Software development company Unity, creator of the popular game engine of the same name, has signed a major contract with the US government to provide its digital simulation technology for defence purposes.
As reported by Bloomberg, the company announced the three year, multi-million dollar deal earlier this week. The contract is in partnership with CACI International Inc., an information technology firm that has previously provided military intelligence, including aerial surveillance, to the US government.
In an earnings call on Tuesday, Unity’s senior vice president Marc Whitten said this new relationship will “help the government defining human machine interfaces or HMI for aerospace applications and beyond,” adding “These applications demand an interactive, robust user experience very much like games.”
The deal comes in the wake of reports last year that employees at Unity had ethical concerns regarding the overlap between the company’s military and non-military ventures. At the time, Unity CEO, John Riccitello released an internal statement explaining that the company’s military contracts, which included a partnership with Lockheed Martin “are very restrictive” and that the company “would not support programs where we knowingly violate our principles and values”. But this apparently sparked a backlash from employees, many of whom it was claimed were only just becoming aware of the company’s military dealings. In response, Riccitiello promised that the matter would be discussed at the company’s next “town-hall meeting”.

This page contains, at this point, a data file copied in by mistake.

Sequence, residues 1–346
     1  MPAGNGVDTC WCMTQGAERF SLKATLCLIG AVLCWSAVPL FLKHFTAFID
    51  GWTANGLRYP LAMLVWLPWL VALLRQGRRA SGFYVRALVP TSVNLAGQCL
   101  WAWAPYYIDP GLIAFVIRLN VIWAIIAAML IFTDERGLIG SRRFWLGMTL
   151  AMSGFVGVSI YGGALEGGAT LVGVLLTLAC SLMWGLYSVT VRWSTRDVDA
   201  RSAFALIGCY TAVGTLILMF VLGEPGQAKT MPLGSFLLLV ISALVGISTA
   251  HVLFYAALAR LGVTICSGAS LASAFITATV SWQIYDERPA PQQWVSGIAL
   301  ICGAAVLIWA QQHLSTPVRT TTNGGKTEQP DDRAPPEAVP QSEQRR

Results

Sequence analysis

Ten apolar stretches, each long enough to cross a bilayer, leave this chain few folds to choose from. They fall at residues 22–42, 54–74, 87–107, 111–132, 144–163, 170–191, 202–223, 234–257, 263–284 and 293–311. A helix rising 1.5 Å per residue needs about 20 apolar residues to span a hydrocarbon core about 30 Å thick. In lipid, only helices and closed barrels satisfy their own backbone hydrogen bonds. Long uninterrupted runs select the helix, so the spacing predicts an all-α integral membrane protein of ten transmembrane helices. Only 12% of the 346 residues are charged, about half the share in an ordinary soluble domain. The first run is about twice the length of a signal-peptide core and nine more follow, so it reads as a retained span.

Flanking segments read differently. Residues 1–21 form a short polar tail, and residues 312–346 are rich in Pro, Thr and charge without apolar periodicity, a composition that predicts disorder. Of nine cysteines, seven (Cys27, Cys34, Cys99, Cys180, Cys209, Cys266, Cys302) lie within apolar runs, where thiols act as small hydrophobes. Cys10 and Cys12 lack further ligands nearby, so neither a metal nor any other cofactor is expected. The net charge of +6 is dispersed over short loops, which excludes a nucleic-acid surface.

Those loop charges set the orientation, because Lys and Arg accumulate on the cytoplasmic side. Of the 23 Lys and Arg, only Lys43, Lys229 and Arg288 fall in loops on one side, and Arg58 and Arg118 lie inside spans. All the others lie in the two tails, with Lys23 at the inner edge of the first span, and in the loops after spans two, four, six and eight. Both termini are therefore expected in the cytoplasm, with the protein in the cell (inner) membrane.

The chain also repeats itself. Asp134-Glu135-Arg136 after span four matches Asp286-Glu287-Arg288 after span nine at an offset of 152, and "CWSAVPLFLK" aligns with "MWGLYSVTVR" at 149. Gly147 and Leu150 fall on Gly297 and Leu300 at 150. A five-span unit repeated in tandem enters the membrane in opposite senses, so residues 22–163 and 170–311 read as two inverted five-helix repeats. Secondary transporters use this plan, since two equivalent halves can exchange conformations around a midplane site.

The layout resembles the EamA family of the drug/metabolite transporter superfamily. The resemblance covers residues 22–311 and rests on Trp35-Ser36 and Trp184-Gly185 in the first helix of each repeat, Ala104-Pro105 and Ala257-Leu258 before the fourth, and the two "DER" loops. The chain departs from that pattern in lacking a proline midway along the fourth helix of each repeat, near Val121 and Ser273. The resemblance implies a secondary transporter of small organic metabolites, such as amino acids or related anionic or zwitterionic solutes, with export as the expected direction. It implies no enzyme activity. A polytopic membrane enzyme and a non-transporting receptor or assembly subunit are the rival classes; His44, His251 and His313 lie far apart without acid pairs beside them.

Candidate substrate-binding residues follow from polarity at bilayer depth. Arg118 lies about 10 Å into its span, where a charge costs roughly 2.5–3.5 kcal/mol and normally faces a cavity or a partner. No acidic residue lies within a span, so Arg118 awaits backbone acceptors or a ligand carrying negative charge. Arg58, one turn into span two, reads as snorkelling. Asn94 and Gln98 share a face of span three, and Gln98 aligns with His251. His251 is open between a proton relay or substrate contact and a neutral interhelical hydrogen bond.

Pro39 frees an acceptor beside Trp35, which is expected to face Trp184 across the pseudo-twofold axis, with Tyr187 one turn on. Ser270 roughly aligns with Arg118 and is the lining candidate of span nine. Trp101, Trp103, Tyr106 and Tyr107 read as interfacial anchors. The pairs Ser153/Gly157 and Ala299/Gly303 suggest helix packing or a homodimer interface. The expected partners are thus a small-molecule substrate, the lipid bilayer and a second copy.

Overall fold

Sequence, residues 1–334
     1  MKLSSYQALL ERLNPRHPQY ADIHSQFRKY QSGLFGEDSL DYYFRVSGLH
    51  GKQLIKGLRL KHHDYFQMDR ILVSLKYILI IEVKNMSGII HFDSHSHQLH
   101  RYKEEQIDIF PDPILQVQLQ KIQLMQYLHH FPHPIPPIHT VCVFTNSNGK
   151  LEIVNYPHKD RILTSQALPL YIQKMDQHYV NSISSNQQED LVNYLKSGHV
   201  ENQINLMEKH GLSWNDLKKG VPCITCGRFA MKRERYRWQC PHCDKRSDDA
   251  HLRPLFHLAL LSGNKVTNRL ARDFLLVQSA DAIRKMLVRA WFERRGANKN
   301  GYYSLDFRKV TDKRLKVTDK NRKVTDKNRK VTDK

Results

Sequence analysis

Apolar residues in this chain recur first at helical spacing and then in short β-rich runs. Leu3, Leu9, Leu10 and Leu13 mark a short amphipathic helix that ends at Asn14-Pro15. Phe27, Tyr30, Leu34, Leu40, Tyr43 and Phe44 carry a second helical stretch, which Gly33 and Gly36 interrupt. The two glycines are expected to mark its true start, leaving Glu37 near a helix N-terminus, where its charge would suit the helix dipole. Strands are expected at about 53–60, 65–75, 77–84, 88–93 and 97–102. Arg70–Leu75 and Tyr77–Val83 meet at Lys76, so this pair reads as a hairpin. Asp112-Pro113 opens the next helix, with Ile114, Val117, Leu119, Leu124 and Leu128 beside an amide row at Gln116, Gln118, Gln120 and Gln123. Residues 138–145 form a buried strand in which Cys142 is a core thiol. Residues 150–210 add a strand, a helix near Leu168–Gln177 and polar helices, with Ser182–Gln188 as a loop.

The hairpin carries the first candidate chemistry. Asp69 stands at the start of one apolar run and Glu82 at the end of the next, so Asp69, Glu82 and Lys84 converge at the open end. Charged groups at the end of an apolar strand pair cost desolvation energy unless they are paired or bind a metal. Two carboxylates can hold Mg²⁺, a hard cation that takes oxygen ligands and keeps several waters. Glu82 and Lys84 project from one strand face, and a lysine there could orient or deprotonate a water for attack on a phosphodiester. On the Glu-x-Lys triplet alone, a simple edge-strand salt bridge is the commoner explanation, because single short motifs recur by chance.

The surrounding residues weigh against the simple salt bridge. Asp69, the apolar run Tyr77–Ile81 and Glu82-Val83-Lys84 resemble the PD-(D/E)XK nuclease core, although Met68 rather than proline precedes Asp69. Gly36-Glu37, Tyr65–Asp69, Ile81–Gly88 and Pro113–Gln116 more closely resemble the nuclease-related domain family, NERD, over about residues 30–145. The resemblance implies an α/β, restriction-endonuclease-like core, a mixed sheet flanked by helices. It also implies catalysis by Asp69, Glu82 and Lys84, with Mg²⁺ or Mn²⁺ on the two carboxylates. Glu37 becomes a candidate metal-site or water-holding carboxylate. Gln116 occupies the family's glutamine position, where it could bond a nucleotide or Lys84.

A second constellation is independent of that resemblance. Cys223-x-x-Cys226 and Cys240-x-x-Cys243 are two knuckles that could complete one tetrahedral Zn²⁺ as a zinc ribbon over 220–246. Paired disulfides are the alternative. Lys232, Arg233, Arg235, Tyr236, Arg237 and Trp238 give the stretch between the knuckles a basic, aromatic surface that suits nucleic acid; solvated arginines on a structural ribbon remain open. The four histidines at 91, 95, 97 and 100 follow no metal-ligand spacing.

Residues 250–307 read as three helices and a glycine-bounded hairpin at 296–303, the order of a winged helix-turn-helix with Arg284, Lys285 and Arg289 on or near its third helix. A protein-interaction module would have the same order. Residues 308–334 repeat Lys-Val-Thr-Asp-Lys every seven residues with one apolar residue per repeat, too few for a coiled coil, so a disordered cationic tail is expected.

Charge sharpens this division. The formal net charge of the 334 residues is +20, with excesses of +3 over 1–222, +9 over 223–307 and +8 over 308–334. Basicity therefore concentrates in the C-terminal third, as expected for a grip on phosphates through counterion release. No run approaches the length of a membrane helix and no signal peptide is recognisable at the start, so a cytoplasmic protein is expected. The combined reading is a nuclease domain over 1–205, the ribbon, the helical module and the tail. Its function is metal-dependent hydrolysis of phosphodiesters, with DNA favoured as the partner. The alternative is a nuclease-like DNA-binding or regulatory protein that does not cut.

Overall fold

More broadly, it’s been a turbulent few months for Unity. In June, the company laid off hundreds of employees after a claimed attempte to “realign” resources. A month later, it announced a merger with IronSource, a company known for creating a MalWare program called InstallCore. Meanwhile, Riccitiello issued an apology after calling developers who don’t actively think about monetising their games “fucking idiots” during an interview. And only a few days ago, mobile ad-tech company AppLovin offered to buy Unity for S17.5 billion, a proposal which Unity’s board stated it would “thoroughly evaluate”.
It’s uncertain what effect, if any, this new deal will have on that offer, or Unity’s likelihood of accepting it. But what is clear is that, despite the protests from its employees, Unity is pressing ahead with the military side of its business. Indeed, the company wrote in its earnings report that this new venture is the “single largest digital twin solution deal for Unity to date.”
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